Favorable outcome of primary mediastinal large B-cell lymphoma in a single institution: the British Columbia experience


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Abstract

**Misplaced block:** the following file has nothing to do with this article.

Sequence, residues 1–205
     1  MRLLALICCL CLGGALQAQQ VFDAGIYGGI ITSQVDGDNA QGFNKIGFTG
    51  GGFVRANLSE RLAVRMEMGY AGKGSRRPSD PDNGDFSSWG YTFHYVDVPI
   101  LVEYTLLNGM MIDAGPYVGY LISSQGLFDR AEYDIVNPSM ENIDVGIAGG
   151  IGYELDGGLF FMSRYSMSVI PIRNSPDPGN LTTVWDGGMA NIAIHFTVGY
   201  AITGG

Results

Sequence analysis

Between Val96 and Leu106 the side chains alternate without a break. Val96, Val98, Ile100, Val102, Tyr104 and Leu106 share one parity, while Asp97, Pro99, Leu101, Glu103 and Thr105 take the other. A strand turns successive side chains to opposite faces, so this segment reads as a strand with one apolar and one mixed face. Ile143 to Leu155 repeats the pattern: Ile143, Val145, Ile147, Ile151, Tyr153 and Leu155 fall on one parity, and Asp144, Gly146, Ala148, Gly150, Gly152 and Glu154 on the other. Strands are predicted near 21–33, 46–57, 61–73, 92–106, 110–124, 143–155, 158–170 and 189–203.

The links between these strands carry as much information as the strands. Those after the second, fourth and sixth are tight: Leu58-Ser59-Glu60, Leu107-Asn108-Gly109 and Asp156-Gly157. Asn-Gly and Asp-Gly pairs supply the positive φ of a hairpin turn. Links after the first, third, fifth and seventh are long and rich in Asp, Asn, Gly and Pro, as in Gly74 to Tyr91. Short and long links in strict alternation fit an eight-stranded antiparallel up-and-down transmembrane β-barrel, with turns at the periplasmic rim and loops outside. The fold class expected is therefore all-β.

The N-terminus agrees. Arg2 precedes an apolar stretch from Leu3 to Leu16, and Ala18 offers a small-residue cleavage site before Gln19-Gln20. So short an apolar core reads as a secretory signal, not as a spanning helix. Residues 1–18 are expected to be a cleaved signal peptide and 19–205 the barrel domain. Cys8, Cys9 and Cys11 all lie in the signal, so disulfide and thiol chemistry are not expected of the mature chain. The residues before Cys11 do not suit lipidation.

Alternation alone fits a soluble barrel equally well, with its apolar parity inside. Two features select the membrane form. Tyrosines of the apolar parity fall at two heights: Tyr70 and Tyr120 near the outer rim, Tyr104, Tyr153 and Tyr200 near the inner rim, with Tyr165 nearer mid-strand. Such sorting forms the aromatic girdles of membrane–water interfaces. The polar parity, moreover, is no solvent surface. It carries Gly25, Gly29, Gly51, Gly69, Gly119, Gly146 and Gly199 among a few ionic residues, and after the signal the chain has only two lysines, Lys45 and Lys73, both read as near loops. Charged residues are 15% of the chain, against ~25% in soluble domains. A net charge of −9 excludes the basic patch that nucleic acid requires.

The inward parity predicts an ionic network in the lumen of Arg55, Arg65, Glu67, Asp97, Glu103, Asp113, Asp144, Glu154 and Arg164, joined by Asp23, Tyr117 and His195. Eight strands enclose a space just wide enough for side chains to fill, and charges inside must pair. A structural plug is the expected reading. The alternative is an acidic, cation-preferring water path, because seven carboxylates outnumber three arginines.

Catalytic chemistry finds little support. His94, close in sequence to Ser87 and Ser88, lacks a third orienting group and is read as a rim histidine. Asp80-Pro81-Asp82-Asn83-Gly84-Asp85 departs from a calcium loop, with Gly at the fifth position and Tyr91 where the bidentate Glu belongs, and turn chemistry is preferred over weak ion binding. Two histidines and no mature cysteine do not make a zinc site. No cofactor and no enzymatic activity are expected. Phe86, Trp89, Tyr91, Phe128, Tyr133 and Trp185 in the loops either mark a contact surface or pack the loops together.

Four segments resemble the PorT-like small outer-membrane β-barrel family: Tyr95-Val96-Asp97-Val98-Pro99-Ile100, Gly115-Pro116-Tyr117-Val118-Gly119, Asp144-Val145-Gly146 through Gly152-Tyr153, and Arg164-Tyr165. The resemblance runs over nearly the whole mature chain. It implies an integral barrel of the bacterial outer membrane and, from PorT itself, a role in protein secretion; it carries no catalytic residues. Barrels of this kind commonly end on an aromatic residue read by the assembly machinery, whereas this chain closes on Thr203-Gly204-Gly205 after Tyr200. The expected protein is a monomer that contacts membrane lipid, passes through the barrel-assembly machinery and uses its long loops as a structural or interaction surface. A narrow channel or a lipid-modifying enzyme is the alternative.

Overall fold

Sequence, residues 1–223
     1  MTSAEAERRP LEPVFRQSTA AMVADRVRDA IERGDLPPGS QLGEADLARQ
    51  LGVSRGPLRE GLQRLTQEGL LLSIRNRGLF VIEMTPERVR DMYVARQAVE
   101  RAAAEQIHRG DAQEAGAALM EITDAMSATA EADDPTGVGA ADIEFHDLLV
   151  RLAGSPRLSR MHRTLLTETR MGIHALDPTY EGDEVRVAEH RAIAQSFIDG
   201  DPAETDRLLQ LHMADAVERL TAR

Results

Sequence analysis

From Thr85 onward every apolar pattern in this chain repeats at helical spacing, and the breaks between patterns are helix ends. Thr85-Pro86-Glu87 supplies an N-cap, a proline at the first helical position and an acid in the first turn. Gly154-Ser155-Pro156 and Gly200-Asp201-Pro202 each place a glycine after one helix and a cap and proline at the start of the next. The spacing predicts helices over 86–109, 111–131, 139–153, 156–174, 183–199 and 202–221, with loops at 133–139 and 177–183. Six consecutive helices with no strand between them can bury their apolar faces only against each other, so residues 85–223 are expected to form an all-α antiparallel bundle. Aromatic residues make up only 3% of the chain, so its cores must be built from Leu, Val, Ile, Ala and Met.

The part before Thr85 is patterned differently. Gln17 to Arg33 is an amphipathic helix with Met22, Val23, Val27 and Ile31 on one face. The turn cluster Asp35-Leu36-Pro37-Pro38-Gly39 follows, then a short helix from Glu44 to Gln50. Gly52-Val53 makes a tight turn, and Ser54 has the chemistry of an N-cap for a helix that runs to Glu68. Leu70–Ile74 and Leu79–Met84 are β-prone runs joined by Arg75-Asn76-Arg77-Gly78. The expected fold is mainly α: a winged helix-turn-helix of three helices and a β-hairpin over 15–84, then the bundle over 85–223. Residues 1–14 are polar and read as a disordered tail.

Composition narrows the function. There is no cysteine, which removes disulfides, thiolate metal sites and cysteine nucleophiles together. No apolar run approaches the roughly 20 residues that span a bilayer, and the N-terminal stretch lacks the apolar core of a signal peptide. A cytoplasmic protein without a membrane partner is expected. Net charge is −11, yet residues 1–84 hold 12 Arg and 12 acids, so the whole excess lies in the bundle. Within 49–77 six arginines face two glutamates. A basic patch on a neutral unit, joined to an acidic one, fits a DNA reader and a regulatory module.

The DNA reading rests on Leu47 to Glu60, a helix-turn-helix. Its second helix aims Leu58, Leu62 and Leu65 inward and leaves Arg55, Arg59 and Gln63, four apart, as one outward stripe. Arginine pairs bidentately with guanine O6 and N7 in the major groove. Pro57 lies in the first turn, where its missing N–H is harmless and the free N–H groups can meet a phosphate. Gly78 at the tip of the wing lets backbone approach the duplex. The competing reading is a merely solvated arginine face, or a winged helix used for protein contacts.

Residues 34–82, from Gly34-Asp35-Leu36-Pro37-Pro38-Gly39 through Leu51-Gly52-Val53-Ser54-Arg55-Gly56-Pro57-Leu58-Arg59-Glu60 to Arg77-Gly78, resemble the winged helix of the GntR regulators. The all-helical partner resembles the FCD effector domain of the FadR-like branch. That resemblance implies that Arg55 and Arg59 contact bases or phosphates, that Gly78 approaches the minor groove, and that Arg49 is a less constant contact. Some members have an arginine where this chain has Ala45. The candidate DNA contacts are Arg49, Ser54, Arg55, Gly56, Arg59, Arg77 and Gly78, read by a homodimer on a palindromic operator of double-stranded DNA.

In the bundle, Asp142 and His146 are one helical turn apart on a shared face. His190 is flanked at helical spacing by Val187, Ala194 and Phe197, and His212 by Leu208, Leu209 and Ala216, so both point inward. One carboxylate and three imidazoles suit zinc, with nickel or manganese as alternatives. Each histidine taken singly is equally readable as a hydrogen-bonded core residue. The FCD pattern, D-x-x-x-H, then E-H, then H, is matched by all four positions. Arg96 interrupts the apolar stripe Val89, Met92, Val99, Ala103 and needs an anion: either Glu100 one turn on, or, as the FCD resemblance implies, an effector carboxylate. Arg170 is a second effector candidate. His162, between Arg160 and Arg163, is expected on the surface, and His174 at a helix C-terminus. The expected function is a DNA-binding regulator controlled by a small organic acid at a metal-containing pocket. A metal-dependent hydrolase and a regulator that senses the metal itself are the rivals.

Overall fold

BackgroundPrimary mediastinal large B-cell lymphoma (PMBCL) is a distinct clinico-pathological subtype of diffuse large B-cell lymphoma (DLBCL). The optimal treatment is unknown, with some studies suggesting a superior outcome with dose-intensive chemotherapy regimens, and the role of radiotherapy remains ill-defined.Patients and methodsThe British Columbia Cancer Agency lymphoma database was searched and records reviewed to identify those patients presenting with a prominent mediastinal mass and considered to be PMBCL based on the current REAL/WHO classifications. Patients were treated based on era-specific BCCA guidelines (1980–1992 MACOPB/VACOPB; 1992–2001 CHOP-type; 2001–present CHOP-R). Beginning in January 1998 involved-field radiotherapy was recommended to be routinely administered following chemotherapy. Prior to this, use of radiotherapy was individualized in advanced disease.ResultsIn total, 153 patients with newly diagnosed PMBCL were identified between 28 July 1980 and 30 June 2003. The median age was 37 years (range 13–82) and the majority had stage I/II (74%), bulky mediastinal disease (75%). Overall (OS) and progression-free (PFS) survival at 5 years for the entire cohort were 75% and 69%, respectively. In direct comparison with a cohort of patients with DLBCL (n=1273), OS (P=10−4) and PFS (P=0.0001) favored PMBCL. The age-adjusted International Prognostic Index (aaIPI) was not predictive of survival (P=0.18). Five-year OS in patients <65 years old treated with MACOPB/VACOPB, CHOP-R and CHOP-type was 87%, 81% and 71% respectively (P=0.048). In pair-wise survival comparisons, only MACOPB/VACOPB and CHOP-type treated patients were significantly different (P=0.016). In Cox multiple regression analysis, poor performance status remained the only predictor of survival, with treatment received demonstrating a trend to worse outcome for patients treated with CHOP-type regimens (P=0.09). In an intention-to-treat analysis comparing the era before radiotherapy was routinely administered with after, there was no significant difference in 5-year PFS (74% versus 62%; P=0.09) or OS (78% versus 69%; P=0.14).ConclusionsIn this single institution, population-based retrospective study, we found that PMBCL patients have excellent survival rates and a distinct plateau is observed in PFS, in striking comparison to DLBCL. The aaIPI was not predictive of survival in this population, suggesting that other prognostic models may be better suited for risk stratification. Dose-intensified chemotherapy with MACOPB or VACOPB demonstrated a trend to superior outcome over CHOP-type chemotherapy. However, further randomized studies are needed and the impact of rituximab on these comparisons must be considered. Finally, the routine addition of radiotherapy does not improve survival.

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